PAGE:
In Whitehorse, you first see road cyclists hitting the pavement in early April. Basically, whenever the Alaska Highway is dry enough to be ridden. Cyclists wave to one another as they pass by. Groups of three or four riders are common, but I've seen and ridden in groups of 10, 15 or even more, which is awfully fun.
The number of cyclists on the road continues to grow in May and then peaks in June, right before the Kluane to Chilkat Relay. Or the Haines to Haines. Whatever you want to call it.
Then, suddenly, the roadies go away. Most turn into mountain bikers and hit the trails. I imagine some just put away the two wheels entirely and go do other stuff, like hiking, running and canoeing.Next, along comes July and August. There's barely any of us left on the road.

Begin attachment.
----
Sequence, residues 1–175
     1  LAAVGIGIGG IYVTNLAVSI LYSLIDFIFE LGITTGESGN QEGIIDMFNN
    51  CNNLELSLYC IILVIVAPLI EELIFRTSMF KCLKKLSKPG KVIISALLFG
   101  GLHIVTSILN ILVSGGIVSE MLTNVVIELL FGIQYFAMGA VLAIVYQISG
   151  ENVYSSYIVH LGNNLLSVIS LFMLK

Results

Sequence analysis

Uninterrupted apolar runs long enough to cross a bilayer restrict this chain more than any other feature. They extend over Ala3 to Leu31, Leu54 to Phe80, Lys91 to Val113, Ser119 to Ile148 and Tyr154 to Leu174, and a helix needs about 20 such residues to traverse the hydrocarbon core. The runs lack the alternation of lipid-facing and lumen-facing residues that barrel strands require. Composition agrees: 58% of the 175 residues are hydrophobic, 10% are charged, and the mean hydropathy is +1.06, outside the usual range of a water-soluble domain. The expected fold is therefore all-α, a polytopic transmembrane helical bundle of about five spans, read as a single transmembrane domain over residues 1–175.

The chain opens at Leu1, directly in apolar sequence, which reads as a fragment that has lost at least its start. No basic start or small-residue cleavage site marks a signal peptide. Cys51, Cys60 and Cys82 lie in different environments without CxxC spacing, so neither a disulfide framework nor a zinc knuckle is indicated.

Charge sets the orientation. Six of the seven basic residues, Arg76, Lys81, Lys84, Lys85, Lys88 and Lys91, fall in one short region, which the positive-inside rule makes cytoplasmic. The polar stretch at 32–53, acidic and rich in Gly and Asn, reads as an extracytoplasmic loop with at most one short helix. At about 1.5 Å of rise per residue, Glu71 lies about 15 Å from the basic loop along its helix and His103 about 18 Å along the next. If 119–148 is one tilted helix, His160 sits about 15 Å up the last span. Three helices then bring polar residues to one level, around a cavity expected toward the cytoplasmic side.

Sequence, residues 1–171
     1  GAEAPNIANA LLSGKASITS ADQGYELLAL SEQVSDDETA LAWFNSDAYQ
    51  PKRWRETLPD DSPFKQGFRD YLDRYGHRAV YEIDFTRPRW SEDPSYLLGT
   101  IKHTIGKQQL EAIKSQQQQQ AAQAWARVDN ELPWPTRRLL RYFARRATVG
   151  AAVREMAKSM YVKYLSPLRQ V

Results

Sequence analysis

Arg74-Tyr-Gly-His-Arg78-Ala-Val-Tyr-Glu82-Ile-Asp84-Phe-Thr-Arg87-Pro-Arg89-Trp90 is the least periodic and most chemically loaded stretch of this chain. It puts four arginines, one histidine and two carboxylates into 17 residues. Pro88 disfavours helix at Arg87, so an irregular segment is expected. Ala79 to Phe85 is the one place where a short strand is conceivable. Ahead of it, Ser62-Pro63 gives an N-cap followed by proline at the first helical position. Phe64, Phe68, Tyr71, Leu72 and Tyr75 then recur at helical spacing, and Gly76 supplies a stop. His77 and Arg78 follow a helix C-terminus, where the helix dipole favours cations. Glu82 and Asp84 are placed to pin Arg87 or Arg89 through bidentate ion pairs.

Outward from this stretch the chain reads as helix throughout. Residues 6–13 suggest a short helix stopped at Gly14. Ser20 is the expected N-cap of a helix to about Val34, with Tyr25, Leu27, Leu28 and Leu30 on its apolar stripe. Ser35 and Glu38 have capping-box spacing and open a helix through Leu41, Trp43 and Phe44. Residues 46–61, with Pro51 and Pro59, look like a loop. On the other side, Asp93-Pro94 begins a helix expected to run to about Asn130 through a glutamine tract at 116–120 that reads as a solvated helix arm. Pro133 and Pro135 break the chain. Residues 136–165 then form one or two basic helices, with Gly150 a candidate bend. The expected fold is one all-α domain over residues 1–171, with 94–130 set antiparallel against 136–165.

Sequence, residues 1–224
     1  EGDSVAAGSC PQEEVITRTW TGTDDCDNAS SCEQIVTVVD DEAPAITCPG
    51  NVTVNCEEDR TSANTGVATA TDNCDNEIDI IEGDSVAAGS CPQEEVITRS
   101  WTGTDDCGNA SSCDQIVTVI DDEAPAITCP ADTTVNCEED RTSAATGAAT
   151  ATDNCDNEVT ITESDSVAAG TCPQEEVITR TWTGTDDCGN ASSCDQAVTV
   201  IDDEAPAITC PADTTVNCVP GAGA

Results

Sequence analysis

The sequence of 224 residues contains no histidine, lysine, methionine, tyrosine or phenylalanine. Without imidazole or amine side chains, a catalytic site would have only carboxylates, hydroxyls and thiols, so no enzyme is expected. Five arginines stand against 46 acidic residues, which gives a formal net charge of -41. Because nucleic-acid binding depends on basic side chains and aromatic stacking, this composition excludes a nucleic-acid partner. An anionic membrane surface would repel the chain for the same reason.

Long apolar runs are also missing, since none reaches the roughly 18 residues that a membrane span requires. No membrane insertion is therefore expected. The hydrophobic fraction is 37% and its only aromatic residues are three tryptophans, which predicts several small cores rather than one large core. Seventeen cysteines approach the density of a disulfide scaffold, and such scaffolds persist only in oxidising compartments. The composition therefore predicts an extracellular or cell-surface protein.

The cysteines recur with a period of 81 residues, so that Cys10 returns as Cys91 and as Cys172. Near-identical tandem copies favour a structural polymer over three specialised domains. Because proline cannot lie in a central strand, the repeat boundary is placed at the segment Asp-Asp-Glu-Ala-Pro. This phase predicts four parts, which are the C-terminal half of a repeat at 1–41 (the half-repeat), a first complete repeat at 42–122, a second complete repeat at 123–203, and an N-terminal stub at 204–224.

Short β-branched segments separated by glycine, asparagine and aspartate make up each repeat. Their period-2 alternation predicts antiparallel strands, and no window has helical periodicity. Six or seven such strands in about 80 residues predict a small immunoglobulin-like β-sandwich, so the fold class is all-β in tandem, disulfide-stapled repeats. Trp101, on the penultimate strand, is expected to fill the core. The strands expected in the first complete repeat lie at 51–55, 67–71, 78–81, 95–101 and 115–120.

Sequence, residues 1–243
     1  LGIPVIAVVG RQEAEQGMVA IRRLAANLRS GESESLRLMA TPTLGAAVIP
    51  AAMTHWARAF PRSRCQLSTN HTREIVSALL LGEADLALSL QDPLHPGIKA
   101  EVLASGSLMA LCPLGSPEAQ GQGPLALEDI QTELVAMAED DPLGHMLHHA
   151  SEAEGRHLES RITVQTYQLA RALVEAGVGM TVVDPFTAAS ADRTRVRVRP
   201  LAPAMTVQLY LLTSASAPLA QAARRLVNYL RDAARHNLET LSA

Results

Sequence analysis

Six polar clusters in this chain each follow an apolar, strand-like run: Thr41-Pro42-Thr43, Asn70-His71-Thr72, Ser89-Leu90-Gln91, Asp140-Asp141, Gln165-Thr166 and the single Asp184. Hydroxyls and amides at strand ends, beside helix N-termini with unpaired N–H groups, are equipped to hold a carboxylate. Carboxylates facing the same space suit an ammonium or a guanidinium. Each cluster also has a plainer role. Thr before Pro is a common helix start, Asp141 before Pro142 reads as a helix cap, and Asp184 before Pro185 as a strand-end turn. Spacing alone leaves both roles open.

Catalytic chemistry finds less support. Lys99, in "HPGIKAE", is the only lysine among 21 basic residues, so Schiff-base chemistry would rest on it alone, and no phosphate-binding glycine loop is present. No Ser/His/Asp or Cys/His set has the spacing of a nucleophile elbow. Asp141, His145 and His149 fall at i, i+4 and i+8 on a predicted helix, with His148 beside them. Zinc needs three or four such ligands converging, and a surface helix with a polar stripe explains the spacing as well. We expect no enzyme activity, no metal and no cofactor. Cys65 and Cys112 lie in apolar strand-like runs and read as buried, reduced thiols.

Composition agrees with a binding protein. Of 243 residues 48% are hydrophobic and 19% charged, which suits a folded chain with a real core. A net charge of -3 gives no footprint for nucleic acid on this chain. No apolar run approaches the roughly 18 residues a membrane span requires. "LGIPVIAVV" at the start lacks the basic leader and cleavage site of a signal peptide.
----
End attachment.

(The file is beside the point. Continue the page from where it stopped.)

I see the same people all of the time now; not like earlier in the summer when it's new riders here, there and everywhere. I still ride my mountain bike during these months, but not as much as my road bike. With our young kids and puppy at home, I'm often not able to get out for evening rides earlier than 8:00 p.m. so being able to gear up and hop on a road bike is easiest with my tight schedule.
I've ridden and raced road for what seems like forever. I guess that makes me a roadie; it's part of who I am. I don't ride a road bike because I'm training for something. I ride a road bike because it makes me happy. Dan Gronross does a terrific job of explaining the "why" of road cycling in the video above.
In other parts of Canada, people ride road bikes all summer long. In the Yukon, it seems that most peoples' interest in road cycling comes from necessity, not passion. Once something supposedly better arrives, they put away the skinny tires and return to where they once came.
That's cool - to each his own - but it always makes me wonder, "Why?".